OECD Factbook 2011-2012: Economic, Environmental and Social Statistics
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branch Production and income
branch Income, savings and investments
    branch Household savings

Household savings are the main domestic source of funds to finance capital investment, which is a major driver of long-term economic growth.


In the national accounts, household savings are estimated by subtracting household consumption expenditure from household disposable income and by adding the change in net equity of households in pension funds (since this component is also a determinant of household disposable income but with an opposite sign).

Household disposable income consists essentially of income from employment and from the operation of unincorporated enterprises, plus receipts of interests, dividends and social benefits minus payments of income taxes, interest and social security contributions. Enterprise income includes imputed rents paid by owner-occupiers of dwellings.

Household consumption expenditure consists mainly of cash outlays for consumer goods and services. It also includes the imputed expenditures that owner occupiers pay, as occupiers, to themselves as owners of their dwellings and the production of goods such as agricultural products for own-final use.

Household saving rates may be measured on either a net or a gross basis. The net saving rates shown here are measured after deducting consumption of fixed capital (depreciation), in respect of assets used in enterprises operated by households and in respect of owner-occupied dwellings. This consumption of fixed capital is deducted from both savings and the disposable income of households.

Households include households plus non-profit institutions serving households. The household saving rate is calculated as the ratio of household savings to household disposable income (plus the change in net equity of households in pension funds).


Data are compiled according to the 1993 System of National Accounts (SNA). Because savings are a residual between two large aggregates (household disposable income and household consumption expenditure), both of which are subject to estimation errors, measures of household savings are also subject to large errors and to revisions over time.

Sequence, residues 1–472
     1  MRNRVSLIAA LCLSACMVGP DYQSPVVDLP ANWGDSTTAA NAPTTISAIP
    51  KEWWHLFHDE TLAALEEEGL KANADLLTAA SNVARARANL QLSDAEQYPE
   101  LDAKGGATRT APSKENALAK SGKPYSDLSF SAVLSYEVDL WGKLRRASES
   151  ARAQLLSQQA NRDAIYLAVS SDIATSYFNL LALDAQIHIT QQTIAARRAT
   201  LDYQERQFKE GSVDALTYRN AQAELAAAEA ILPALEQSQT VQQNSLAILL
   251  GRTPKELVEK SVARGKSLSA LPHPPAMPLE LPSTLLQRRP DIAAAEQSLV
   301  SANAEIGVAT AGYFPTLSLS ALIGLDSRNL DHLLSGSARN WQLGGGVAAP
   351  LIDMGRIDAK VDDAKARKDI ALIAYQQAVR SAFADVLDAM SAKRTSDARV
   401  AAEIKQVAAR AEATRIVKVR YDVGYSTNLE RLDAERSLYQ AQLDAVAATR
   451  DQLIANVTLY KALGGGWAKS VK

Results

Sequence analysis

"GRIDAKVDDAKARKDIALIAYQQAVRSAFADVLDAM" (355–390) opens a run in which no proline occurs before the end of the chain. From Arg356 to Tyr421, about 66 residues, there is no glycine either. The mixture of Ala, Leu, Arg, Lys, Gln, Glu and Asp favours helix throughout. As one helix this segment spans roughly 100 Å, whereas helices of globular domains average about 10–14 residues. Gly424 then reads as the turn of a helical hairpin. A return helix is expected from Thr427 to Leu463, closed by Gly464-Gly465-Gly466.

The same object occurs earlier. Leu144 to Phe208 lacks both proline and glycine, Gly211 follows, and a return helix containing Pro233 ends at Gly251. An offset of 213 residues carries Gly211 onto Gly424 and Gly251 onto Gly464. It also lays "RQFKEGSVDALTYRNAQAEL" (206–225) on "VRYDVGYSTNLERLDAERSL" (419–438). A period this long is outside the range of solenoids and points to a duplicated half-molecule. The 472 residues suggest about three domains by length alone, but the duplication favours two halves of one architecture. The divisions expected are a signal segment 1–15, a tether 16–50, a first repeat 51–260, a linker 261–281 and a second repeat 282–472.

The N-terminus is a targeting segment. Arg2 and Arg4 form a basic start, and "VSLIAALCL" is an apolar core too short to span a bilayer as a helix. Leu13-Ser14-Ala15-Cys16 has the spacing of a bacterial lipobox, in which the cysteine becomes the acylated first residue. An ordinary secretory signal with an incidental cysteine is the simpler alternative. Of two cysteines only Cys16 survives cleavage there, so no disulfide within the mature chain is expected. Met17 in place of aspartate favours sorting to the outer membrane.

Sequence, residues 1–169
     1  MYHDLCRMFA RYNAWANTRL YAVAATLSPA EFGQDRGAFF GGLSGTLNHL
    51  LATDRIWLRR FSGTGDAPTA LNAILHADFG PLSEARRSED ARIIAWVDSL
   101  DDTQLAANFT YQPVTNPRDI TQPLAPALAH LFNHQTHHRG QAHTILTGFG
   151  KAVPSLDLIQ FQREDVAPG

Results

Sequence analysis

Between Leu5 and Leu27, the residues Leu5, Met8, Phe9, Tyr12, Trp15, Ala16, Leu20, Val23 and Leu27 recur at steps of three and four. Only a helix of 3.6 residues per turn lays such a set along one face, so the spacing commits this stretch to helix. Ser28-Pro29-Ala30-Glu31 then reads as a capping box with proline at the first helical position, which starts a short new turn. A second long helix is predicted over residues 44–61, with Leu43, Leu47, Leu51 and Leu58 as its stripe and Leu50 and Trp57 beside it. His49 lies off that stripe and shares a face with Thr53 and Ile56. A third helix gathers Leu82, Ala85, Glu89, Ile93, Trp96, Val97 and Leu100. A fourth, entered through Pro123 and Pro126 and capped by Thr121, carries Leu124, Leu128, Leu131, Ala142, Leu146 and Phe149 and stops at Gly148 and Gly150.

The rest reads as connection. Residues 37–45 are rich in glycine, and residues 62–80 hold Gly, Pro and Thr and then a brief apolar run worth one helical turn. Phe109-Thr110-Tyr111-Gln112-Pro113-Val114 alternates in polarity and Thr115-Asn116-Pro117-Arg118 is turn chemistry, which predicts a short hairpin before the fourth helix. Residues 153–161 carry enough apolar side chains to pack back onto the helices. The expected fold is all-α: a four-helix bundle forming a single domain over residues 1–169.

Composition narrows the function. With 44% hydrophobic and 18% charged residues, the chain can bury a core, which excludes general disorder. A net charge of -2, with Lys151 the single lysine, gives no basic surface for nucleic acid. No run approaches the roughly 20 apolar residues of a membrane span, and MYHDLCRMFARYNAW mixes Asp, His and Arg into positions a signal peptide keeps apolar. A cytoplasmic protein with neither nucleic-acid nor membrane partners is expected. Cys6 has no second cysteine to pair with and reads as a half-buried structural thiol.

Data for Australia (which are compiled according to the 2008 SNA) and New Zealand refer to fiscal years.


Household saving rates differ significantly across countries. In 2010 or the most recent available year (2009 in most cases), saving rates of above 10% were recorded in Austria, Belgium, France, Germany, Ireland, Slovenia, Spain, Sweden, Switzerland and the Russian Federation. Savings rates were negative in Denmark, Greece, New Zealand, and South Africa. Of the 29 countries where data is available for 2009, 23 countries saw increases in their savings rate compared to 2008.

These differences are partly due to institutional differences between countries. These include the extent to which old-age pensions are funded by government rather than through personal savings, and the extent to which governments provide insurance against sickness and unemployment. The age composition of the population is also relevant, as the elderly tend to run down financial assets acquired during their working life. This implies that a country with a high share of retired persons will usually have a low household saving rate.

Over the last 10-15 years covered in the graph, household saving rates have decreased markedly in Japan and, to a much lesser extent, in Canada. Rates have remained broadly stable in Germany and France. The United States saw its household saving rate fall from 1996 to around 2006; after that year, the household saving rate started to pick up and is now above its 1996 level.   



Further information
Analytical publications
  • Fournier, J. and I. Koske (2010), A Simple Model of the Relationship Between Productivity, Saving and the Current Account, OECD Economics Department Working Papers, No. 816.
  • Harvey, R. (2004), “Comparison of Household Saving Ratios: Euro Area/United States/Japan”, OECD Statistics Brief, No. 8, June, www.oecd.org/std/statisticsbrief.
  • Hüfner, F. and I. Koske (2010), “Explaining Household Saving Rates in G7 Countries: Implications for Germany”, OECD Economics Department Working Papers, No. 754.
  • de Laiglesia, J. and C. Morrison (2008), “Household Structures and Savings: Evidence from Household Surveys”, OECD Development Centre Working Papers, No. 267.
Statistical publications
Indicator in PDF Acrobat PDF page

Household net saving rates
    Table in Excel

Household net saving rates Figure in Excel
Household net saving rates